Jamie Cullum, the 37-year-old world-famous British jazz-pop singer and songwriter primarily known as a vocalist and pianist, has visited Hungary to perform at the VeszprémFest music and cultural festival in mid-July. The venue is known for bringing global masters of jazz, classical, pop and world music each year to the “City of Queens” each year; this time, the festival’s brightest star gave exclusive interview to Hungary Today before his concert, which is here for you to read:
Are you looking forward to this concert? Is this your first time in Hungary?
I really have played almost everywhere, and I’m not doing to many gigs this summer, I wanted the chance to come here because I’ve never been before and I hear on Facebook and social media that there are a lot of people from Hungary who wanted to see me play, so I thought it was a good opportunity to come. This festival is 11-12 years old and there are really good people playing here, so I thought: “I’m in!”
Do you know a Hungarian musician or pianist?
I don’t, actually… That’s rare for me, I normally know these kind of things…
I guess you’ve heard of Franz Liszt…
Yes, that’s true (laughs)… Him! He’s the only one I know.
You’ve been in many countries – where do you think you have the biggest fan base, where you go and you know they’ll be a good concert?
I think Spain and Portugal and South America are very lively, but that’s the nature of their personality, they’re very good at showing their emotions boldly. The British are happy, but they don’t always show it. I’ve been very lucky over the years to have a good following in many different places, so it’s kind of more or less the same anywhere I go, which is wonderful.
The whole world is talking about Brexit, and I thought that as a popular musician, your opinion is important. Do you agree with it?
No, I wish we’d stay in Europe. The campaign was not fought fairly, there’s a lot of political unhappiness in our country and I think the people who voted out of Europe chose to use rhetoric and information that was not really to do with whether we left Europe or not, and preyed on those feelings. I think to leave Europe stirs up feelings that are very regressive. I think it’s a real shame – it’s very sad.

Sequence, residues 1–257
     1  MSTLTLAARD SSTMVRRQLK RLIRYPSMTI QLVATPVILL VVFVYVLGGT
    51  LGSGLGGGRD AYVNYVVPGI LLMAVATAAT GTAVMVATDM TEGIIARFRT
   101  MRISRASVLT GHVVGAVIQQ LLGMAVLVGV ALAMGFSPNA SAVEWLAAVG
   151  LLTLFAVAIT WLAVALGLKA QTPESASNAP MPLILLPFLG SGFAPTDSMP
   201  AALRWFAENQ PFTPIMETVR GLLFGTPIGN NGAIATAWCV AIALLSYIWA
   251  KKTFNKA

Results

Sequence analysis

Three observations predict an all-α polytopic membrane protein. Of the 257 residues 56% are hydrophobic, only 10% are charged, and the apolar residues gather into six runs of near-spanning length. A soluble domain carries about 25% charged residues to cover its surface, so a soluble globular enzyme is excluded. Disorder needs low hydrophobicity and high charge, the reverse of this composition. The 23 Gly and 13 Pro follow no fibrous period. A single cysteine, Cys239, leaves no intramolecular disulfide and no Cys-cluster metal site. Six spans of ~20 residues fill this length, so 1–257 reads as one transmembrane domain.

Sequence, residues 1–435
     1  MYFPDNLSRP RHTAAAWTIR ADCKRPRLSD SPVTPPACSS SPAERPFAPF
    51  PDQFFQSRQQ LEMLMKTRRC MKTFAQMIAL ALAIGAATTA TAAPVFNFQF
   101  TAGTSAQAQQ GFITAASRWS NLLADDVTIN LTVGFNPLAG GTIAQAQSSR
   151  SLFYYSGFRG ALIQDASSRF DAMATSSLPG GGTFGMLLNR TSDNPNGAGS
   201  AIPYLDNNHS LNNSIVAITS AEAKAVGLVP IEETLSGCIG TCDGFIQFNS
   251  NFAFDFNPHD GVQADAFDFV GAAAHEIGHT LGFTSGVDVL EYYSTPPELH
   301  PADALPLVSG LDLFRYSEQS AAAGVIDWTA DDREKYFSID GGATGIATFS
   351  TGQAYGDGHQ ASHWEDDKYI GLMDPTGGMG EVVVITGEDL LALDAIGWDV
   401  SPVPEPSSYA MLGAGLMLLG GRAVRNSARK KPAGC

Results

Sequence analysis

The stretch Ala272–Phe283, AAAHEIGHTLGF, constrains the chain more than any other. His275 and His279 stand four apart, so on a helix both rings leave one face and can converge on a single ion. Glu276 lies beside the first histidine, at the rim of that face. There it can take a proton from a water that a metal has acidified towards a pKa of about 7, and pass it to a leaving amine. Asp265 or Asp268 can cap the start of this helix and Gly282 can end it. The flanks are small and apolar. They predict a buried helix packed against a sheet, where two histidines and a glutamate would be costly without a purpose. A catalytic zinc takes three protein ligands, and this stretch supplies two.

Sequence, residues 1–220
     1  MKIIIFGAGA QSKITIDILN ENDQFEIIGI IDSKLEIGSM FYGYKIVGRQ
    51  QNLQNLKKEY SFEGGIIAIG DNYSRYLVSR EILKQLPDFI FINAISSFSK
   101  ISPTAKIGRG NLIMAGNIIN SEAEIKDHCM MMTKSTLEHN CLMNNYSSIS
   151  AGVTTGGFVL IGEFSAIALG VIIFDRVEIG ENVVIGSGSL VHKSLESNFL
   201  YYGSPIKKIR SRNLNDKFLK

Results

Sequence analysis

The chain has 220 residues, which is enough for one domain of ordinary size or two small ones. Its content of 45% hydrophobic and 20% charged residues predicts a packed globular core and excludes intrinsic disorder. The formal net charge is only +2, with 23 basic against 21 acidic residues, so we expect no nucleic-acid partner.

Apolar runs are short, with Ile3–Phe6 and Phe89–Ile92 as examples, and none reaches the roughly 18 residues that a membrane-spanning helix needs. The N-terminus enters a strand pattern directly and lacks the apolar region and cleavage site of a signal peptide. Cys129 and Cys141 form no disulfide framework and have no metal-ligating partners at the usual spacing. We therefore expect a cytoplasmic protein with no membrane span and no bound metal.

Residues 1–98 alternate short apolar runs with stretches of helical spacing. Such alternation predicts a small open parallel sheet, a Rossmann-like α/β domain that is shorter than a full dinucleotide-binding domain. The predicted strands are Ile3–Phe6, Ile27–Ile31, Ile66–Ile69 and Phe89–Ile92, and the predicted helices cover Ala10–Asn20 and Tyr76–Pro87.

Every time you give a show, your music connects very well with the audience. When you’re on stage, what’s more important for you – the show, how the stage looks, the lighting, or the sound or the orchestra? If you have to choose, what’s more important?
Well, it’s probably ultimately the orchestra and that part. You can only do so much with lights, you can only do so much with how the stage looks… I still do concerts in tiny-tiny venues, like 20 people; then I’ll play at a festival to 80 000 people. You try to get the same feeling in both types of concerts, where you just have to make a connection with the audience. My way of making a connection is to use my musicianship and that of the band I’m with, and perform in a gregarious way, but also use creative musicianship to inspire and excite people and take them somewhere they’re not used to going to.
I have two smaller questions: The Beatles or The Rolling Stones?
(laughs) It’s very hard to choose, it’s like to choose between blonde or brunette, but… I’ll go with The Beatles.
Did you watch the European Football Cup? There was a match between France and Germany… Who did you support? France or Germany?
I think Germany, actually. I love France, but there’s something about the way Germans play football that is so… unlike the way anyone else plays football. So calm and so measured, and I think you could learn something from that. I think the play with real outward passion, and that’s like wildness and craziness. The Germans are like: “shhh!”. The British could learn something from that.
Thank you very much!